Great Fire of 1864
Chambersburg Out of the Ashes
In 1864, Chambersburg’s population was about 5,500. It was a town settled by hard-working Scots-Irish and German immigrants. As is true today, Chambersburg was well-located and, therefore, a transportation hub. Goods and people moved on the roads to Baltimore, Philadelphia, and Pittsburgh. The Cumberland Valley Railroad was well-established in the community. The town offered large hotels and taverns to lodge travelers, general stores along its main streets, someone to repair wagons and shoe horses. Chambersburg had barbers, seamstresses, hatmakers, tool-makers, and carriage builders. Industry was located along the Conococheague Creek and included paper mills and metal fabricators. It was a thriving community, which grew steadily from its founding in the mid-1730s.
The bombardment of Fort Sumter propelled the country to a state of war. Men of Chambersburg and Franklin County enlisted to support Abraham Lincoln’s call for troops, and by 1861 Chambersburg became a military town where Union troops trained. Both supplies and troops were loaded onto the cars of the Cumberland Valley Railroad, and war hovered around the doorsteps of Franklin County communities.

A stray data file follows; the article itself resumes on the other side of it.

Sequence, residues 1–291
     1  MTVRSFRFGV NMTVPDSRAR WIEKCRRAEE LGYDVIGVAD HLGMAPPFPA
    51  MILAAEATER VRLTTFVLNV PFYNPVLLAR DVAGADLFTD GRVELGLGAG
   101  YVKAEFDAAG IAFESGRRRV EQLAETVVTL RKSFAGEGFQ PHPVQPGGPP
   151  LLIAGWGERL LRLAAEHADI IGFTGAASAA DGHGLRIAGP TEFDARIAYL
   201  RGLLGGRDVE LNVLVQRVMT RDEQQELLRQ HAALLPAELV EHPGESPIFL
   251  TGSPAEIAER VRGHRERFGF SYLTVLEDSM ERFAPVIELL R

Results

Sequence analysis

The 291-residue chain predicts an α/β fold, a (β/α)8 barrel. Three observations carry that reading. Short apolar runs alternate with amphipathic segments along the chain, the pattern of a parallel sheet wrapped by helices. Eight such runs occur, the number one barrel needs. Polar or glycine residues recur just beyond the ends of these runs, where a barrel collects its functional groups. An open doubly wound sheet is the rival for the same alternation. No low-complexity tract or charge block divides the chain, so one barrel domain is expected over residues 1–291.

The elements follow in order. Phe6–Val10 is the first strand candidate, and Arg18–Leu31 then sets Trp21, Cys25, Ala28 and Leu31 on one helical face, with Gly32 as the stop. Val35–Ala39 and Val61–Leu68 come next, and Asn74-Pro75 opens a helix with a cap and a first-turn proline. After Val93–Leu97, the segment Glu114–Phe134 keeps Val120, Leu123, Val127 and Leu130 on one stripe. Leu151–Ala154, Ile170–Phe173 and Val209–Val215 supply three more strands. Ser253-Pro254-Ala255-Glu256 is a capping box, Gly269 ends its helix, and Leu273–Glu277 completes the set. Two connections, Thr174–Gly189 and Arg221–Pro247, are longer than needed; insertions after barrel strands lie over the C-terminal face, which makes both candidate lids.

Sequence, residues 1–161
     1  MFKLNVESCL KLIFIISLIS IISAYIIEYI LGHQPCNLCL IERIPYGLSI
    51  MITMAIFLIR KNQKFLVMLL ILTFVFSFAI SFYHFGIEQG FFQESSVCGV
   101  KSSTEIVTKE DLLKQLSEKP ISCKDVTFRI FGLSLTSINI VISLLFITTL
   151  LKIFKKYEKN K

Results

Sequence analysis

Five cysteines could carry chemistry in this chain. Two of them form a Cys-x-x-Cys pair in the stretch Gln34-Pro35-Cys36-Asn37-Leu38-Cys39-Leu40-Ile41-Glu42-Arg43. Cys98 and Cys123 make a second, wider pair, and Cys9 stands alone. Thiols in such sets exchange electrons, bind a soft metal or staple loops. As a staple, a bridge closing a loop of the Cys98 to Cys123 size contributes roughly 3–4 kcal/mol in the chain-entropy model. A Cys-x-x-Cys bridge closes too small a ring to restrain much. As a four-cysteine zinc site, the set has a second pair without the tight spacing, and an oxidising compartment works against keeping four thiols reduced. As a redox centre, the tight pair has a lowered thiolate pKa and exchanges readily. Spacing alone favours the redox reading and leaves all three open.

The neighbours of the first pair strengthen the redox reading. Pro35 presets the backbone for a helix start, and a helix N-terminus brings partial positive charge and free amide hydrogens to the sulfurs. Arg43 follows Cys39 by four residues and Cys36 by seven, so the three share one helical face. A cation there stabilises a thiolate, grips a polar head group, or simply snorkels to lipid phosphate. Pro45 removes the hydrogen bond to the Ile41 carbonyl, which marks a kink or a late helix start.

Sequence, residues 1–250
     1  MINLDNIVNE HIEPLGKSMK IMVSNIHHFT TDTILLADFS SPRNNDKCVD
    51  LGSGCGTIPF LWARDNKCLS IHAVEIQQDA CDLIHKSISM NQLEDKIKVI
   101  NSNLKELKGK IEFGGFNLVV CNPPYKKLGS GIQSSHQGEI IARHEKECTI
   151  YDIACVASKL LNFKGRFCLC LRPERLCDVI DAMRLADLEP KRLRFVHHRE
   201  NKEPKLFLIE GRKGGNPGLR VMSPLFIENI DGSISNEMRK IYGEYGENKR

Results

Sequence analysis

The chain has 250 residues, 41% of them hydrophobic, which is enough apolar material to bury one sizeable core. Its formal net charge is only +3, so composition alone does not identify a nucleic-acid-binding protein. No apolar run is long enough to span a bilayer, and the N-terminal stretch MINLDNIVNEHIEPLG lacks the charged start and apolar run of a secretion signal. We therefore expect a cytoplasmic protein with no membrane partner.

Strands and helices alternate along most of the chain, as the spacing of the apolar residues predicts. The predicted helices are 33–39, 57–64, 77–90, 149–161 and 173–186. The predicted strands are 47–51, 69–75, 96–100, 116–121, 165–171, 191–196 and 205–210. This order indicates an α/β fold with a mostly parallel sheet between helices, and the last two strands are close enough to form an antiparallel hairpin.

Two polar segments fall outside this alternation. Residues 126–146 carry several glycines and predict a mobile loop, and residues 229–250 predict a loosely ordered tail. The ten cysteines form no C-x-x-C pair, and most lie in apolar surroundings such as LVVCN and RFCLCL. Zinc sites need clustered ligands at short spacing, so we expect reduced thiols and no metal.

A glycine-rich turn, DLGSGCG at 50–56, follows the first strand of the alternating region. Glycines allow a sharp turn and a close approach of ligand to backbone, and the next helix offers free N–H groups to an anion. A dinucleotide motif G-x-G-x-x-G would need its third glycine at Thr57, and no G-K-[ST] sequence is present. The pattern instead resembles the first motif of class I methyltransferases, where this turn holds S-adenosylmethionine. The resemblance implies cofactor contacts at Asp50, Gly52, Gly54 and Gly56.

In 1862, Chambersburg had its first Confederate raid when General J.E.B. Stuart took horses, food, and other supplies, burning the railroad shops and cutting the telegraph wires on a hasty foray across the Mason Dixon Line and into Franklin County. In the summer of 1863, Chambersburg experienced a more intense and lasting incursion as Robert E. Lee headquartered in Chambersburg and set up camp with 75,000 Confederate soldiers in and around the county seat before moving east towards Gettysburg to engage the Union troops.
Each time Confederates entered Chambersburg, the stakes increased, but on July 30, 1864, no one envisioned such a vast and definitive impact the coming hours would have in Chambersburg, Pennsylvania.